Voice of the Child Reports (“VOCRs”) are increasingly being used by the court in the context of family law proceedings. The summary below addresses the purpose of a VOCR, the court’s authority to order a VOCR, the appropriate uses of a VOCR, and how VOCRs have been used by Ontario courts in recent years.
A VOCR is an evidentiary and a cost-effective tool to present the court with a child’s views, perspectives and preferences. A VOCR “allow[s] a child to speak frankly to a qualified third party without the child being pressured to say things that the parents want to hear”. (S.(K.L.) v. M.(J.G.), 2012 BCSC 282 at para 17). If done properly, a VOCR serves important public purposes, namely putt the views of a child before the court, reduce litigation and costs between parties and alleviate the financial burden placed on courts by litigious parties.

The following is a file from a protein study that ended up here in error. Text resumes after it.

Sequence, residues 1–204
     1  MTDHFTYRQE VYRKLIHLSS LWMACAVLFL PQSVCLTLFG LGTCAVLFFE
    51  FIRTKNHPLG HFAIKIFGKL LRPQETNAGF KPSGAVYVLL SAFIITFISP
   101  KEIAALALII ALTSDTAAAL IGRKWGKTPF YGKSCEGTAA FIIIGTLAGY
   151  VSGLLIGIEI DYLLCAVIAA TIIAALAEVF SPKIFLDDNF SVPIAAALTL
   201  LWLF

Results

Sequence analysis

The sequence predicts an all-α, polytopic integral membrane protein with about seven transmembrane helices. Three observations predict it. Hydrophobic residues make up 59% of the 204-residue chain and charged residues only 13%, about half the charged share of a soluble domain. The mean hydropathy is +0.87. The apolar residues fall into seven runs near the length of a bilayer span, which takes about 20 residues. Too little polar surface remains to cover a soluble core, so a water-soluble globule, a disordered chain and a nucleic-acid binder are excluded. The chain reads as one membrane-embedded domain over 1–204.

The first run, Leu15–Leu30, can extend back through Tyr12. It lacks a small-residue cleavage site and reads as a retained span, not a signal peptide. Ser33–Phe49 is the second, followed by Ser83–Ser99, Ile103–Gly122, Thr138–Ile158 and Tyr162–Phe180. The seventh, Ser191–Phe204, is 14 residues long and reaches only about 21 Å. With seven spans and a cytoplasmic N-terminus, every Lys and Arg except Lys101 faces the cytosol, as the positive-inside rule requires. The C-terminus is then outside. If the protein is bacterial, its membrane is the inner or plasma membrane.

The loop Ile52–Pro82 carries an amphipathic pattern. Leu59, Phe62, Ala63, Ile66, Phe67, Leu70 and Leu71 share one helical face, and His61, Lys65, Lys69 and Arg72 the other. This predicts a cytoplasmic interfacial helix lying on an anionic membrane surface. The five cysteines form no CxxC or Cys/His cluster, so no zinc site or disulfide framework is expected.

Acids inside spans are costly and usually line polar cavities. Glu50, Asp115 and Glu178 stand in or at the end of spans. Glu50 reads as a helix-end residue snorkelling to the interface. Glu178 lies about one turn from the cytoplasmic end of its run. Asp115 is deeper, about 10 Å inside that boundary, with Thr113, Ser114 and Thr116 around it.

In light of sections 24(1), (2), and (3)(e) of the Children’s Law Reform Act (“CLRA”), a court must consider “the child’s views and preferences, giving due weight to the child’s age and maturity, unless they cannot be ascertained” when determining the best interests of that child for the purposes of a parenting order. The recent amendments to the CLRA which came into effect earlier last year have added a layer of nuance by asking courts to give due weight to the child’s age and maturity, while the predecessor section 24(2)(b) of the CLRA did not.